Commentary: Card-carrying consumerism

When I look into my wallet, I see a very colorful blur.

For the past month I thought I’d try an experiment for you, which was to say yes to every place that offered me a “membership card” to eat there. Now, my wallet is 10 cards fatter, and I turned down a few opportunities because I didn’t think the leather could bear more plastic. And, of course, I try to make the habit of going to big, card-giving chains as much as possible.

Why are these “loyalty cards” suddenly all the rage? Maybe it has something to do with the “always increasing price of food.” Items which once were on the dollar menus at big chains have suddenly had their prices beefed up to…well…more than they are worth. (Burger King, I don’t care if lettuce becomes $300 per head. Your Whopper Jr. will never be worth $1.69.) With prices going up and up basically everywhere, maybe companies are now pushing to keep people coming back any way they can.

Some places let you accumulate points, others give you a “buy 10 get one free” deal, while still others promote special offers if you show your card at the right time. My personal favorite is the  Fox and Hound chain’s “All Star Brew Club.” Buy 50 beers and you get half price wings for life. 75 beers means half price beers for life, and if you’re ridiculous, 500 beers gets your name on an in-store plaque. Oh, by the way, 500 beers could cost you as much as $2,000. Yeah, that number has some people salivating.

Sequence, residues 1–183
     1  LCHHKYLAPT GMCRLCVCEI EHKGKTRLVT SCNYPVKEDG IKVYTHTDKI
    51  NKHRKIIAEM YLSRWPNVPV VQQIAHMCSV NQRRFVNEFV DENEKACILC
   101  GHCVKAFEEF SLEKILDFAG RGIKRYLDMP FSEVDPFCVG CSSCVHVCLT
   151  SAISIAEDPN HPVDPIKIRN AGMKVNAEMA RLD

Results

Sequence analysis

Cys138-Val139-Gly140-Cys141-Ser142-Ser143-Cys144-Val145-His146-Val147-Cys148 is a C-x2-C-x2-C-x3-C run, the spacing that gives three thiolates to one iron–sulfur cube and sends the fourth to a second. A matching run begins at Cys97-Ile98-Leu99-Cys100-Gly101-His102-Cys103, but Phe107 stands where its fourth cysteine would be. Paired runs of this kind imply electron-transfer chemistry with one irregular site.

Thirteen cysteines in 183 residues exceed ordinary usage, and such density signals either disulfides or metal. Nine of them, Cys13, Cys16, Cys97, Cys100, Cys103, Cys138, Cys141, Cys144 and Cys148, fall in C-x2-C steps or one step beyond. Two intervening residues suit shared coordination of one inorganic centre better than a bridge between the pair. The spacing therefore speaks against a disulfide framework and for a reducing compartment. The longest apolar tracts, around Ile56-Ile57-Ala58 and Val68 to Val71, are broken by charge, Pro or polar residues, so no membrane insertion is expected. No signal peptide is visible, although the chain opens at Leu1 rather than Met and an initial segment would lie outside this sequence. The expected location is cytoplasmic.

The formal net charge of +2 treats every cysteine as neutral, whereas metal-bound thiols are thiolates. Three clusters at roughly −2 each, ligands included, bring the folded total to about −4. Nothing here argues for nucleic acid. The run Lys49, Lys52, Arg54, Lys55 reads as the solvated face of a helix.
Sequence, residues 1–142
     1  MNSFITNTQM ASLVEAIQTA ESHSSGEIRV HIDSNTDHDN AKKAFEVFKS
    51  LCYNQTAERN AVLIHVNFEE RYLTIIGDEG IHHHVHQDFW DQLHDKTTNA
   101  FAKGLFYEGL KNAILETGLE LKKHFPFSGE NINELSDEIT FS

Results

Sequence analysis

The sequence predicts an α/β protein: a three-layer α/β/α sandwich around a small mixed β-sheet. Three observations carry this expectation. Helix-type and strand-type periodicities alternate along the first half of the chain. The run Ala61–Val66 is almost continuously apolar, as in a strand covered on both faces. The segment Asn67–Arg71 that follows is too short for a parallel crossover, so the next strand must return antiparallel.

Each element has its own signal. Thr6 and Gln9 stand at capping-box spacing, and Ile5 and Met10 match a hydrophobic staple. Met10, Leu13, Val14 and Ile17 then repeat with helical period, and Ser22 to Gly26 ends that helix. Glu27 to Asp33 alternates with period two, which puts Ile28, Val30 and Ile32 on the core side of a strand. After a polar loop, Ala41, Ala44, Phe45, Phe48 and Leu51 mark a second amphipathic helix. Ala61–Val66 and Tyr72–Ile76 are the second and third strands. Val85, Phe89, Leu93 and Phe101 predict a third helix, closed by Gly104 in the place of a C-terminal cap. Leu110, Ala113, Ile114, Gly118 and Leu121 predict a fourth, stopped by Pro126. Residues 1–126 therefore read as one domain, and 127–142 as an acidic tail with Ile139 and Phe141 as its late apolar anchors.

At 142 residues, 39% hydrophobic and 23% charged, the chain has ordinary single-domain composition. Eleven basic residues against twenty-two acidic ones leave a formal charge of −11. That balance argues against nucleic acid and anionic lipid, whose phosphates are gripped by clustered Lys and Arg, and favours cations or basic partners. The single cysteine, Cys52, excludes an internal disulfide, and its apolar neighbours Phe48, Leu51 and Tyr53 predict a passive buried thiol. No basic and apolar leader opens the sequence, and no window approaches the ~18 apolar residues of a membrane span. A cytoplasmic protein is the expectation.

Gimmicks like these, to me, are insulting. Like I’m a dog, and my owner is giving me extra scraps for doing tricks. If I came back to a place time and again, I want something more than an extra footlong for sinking $100 into your business. I want someone to remember my name. I want someone to remember what I like. I want more for my investment than a $50 T-shirt.

You can’t replace  genuine, friendly service with cheap gimmicks. You can’t reward a customer’s extensive support of your place by expecting them to come back and buy more. That, at least, is one way corporate chains will never be as good.

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